CHEERS to a couple of staffers at CVPH Medical Center who last week offered a personal, unsolicited service, the kind that gives the health-care industry a very good name throughout the community and beyond. A group of six obviously affable, gray-haired people were gathered in the hospital cafeteria, reminiscing and laughing. Two women in scrubs approached their table and observed that they looked like reunited family and asked, would they like their photo taken? Whereupon they used several of the family’s iPhones to click off a number of shots. It was a small but very thoughtful gesture, much appreciated by the visitors.
JEERS to cheap tippers at a Malone correctional facility. We have it on very good authority that, recently, a local restaurant got a call to prepare and deliver 30 pizzas to a prison. That’s a welcome order for the restaurant, of course. But it turned out to be just the opposite for the poor guy who had to deliver it. When he arrived at the prison, he not only lugged the 30 boxes into the facility, he went the extra mile to sort the orders and separate the pizzas so all the diners could most easily locate their particular favorite. His extra effort on the $300 order was rewarded with a measly $6 tip. That computes to 2 percent. Prison personnel most assuredly earn a decent salary and could have spared to have shown a little more gratitude for the effort.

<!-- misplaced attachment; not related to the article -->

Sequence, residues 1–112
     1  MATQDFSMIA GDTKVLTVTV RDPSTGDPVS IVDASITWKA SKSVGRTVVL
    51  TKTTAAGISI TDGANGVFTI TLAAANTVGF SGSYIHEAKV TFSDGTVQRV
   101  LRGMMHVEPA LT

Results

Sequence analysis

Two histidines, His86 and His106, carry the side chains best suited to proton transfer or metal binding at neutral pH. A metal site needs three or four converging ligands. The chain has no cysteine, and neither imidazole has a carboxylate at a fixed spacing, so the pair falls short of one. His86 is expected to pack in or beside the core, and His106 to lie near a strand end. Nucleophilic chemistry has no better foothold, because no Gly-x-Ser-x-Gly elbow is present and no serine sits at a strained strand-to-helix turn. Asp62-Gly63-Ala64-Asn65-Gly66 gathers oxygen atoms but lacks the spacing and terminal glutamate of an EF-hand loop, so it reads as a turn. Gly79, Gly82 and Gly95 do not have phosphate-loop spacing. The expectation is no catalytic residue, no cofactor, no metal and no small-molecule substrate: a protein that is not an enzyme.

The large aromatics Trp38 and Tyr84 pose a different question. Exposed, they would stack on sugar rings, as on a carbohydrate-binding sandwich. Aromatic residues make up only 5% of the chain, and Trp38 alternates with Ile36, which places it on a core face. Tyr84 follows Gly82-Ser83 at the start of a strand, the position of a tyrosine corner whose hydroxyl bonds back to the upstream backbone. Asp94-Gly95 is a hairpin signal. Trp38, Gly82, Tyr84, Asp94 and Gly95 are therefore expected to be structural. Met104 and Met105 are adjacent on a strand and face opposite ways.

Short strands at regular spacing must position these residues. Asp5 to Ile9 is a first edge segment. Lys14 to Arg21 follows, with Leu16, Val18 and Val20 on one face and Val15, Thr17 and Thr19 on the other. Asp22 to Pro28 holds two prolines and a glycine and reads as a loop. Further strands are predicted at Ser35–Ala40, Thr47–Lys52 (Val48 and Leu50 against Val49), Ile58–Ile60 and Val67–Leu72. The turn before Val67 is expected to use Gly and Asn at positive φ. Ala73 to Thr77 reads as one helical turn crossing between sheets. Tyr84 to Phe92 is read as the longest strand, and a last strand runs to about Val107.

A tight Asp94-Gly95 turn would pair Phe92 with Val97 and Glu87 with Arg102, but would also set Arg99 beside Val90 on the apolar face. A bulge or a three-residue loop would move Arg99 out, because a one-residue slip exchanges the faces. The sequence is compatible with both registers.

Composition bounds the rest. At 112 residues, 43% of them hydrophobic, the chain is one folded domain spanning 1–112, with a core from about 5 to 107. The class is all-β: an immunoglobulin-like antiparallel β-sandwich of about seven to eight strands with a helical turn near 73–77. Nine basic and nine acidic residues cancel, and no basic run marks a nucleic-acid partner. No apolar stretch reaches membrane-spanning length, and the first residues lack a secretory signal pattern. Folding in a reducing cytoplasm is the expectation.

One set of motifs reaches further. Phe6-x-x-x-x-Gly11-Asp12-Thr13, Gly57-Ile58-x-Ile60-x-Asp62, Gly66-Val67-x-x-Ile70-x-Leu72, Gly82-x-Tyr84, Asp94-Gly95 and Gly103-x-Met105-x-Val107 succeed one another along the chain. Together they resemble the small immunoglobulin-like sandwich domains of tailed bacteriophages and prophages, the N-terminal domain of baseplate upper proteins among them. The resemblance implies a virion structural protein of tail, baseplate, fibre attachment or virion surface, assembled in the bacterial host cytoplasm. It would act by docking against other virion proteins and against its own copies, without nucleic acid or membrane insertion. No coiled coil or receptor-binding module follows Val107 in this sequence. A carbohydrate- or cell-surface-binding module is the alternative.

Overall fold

CHEERS to National Alliance on Mental Illness: Champlain Valley, which recently held its 12th-annual business meeting at St. Peter’s Church in Plattsburgh. The room was packed for the session, illustrating how the organization has grown since it moved into its first official office all those years ago. It also underscores how awareness of mental illness has grown — and the understanding of how crucial services are for those with brain disease. NAMI has played a huge role locally in providing education, advocacy and other supports to the area. Clinton County mental-health providers hold the peer-based group in high esteem and collaborate with NAMI in many ways to help round out services. And CHEERS to Mandy Swank, Gwen Benway and Amanda Winterbottom, who, at the NAMI meeting, shared the story of their journey with mental illness, illustrated in photos they took as part of WRAP (Wellness Recovery Action Program) and under the guidance of former City Court Judge Penny Clute. They brought tears to the eye and hope to those in the room.
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